Haxet - 1 year ago 66
Python Question

# Why is Sort(s1)==Sort(s2) better to use than Counter(s1)==Counter(s2)

Is this considered an efficient way to check if two strings are permutations of eachother? What would be the difference between using two dictionaries instead? Is Counter more optimized for python?

I guess I should clarify, the reason for me posting this is this comment : Check if two unordered lists are equal mentions that it's more efficient to check if two strings are the same by using sort(s1)==sort(s2).Since this is o(nlog(n)), you would assume Counter would have a better run time.

In the other question you referenced, J.F. Sebastian theorized that using `sort` would be faster than using `Counter` in nearly all cases, but he wisely noted that if you really care you should measure: "In practice it might always be faster then `collections.Counter()` (despite asymptotically `O(n)` time being better then `O(n*log(n))` for `.sort()`). Measure it, if it is important."

Such a measurement is shown below. The high points:

• Up to list sizes of roughly `10^6`, `sort` was faster.

• These experiments use lists that have many discrete values. The benchmarks might be different if the lists had a moderately high percentage of repeated values.

• These measurements suggest that the overhead of creating a `Counter` is generally larger than the cost of just sorting the data in place. One way to think about this is to view the overhead of the `Counter` creation relative to the `log(n)` portion of the `sort` approach. Not until `n` gets fairly large does the algorithmic advantage of the `Counter` data structure begin to pay off enough to justify that overhead.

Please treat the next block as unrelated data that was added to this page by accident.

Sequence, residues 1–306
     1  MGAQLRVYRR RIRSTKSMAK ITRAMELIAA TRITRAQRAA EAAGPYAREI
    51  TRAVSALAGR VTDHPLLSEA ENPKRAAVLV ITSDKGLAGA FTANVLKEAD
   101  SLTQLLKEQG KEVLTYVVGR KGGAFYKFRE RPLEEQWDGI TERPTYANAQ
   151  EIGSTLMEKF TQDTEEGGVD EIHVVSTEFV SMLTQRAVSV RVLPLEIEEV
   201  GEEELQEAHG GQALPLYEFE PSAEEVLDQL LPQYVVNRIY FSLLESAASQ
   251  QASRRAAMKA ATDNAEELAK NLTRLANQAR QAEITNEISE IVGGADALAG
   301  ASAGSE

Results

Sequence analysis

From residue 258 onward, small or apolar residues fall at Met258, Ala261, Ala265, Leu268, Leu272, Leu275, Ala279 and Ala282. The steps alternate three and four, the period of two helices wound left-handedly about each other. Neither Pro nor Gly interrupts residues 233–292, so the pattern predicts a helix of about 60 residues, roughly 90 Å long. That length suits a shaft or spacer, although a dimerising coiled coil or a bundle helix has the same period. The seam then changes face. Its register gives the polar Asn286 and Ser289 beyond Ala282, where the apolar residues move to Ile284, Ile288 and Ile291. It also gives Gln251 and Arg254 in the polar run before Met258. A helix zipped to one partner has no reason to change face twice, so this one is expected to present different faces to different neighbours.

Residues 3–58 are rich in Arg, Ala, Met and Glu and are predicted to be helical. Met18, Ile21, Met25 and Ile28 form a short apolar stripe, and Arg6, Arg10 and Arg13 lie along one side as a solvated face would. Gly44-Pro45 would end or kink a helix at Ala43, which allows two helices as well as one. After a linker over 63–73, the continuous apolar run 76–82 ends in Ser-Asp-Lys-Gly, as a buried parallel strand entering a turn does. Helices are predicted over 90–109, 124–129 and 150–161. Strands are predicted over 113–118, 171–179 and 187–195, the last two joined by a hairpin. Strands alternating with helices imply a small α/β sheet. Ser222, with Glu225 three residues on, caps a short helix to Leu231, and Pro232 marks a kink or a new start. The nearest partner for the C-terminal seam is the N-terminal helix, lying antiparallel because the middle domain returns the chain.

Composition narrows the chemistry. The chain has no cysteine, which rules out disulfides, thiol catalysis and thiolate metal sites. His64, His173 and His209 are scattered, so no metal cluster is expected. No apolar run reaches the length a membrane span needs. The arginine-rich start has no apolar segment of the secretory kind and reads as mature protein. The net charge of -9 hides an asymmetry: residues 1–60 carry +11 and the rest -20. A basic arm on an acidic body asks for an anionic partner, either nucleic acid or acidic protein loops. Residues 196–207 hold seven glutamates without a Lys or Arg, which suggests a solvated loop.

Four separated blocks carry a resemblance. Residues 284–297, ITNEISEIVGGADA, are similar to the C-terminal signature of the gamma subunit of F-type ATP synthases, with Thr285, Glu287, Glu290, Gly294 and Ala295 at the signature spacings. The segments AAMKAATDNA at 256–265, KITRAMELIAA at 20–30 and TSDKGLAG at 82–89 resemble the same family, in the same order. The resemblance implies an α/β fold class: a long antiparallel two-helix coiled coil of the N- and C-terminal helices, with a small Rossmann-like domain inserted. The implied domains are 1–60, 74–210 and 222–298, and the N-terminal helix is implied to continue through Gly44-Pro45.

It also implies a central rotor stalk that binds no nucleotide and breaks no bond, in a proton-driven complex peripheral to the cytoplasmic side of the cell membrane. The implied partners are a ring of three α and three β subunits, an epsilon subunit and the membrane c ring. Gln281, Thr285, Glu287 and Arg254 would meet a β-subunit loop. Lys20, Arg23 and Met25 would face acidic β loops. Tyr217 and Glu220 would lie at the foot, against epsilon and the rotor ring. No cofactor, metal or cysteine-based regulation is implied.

• But remember: for small data sizes, the speed advantage might be irrelevant -- unless you are repeating the operation at high volume. In this light, the "algorithmically correct" approach (use a `Counter`) might still be better from a code design point of view for most use cases -- because it's faster if the data is large and it's fast-enough if the data is small.

The code:

``````import timeit, sys, random
from collections import Counter

def prep():
random.shuffle(xs)
random.shuffle(ys)

def use_counter():
prep()
return Counter(xs) == Counter(ys)

def use_sort():
prep()
xs.sort()
ys.sort()
return xs == ys

experiments = [
(3, 10, 100000),
(3, 100, 10000),
(3, 1000, 1000),
(3, 10000, 100),
(3, 100000, 10),
(3, 1000000, 1),
(1, 10000000, 1),
]

for e in experiments:
repeat, list_size, timeit_n = e
xs = list(range(list_size))
ys = list(range(list_size))
r1 = timeit.repeat(use_counter, repeat = repeat, number = timeit_n)
r2 = timeit.repeat(use_sort,    repeat = repeat, number = timeit_n)
print
print e
print 'total  ', sum(r1), sum(r2)
print 'm1/m2  ', min(r1) / min(r2)
``````

Example output (ratio > 1 means `Counter` is slower):

``````(3, 10, 100000)
total   5.06751918793 2.15432405472
m1/m2   2.34850470872

(3, 100, 10000)
total   3.16299915314 2.06651735306
m1/m2   1.52879303981

(3, 1000, 1000)
total   3.017786026 2.42989587784
m1/m2   1.24086325316

(3, 10000, 100)
total   3.06426525116 2.74061489105
m1/m2   1.11802891855

(3, 100000, 10)
total   3.66198205948 3.35467290878
m1/m2   1.1028159291

(3, 1000000, 1)
total   5.19361901283 5.08777713776
m1/m2   1.03125948765

(1, 10000000, 1)
total   20.0118789673 24.6061840057
m1/m2   0.813286569044
``````
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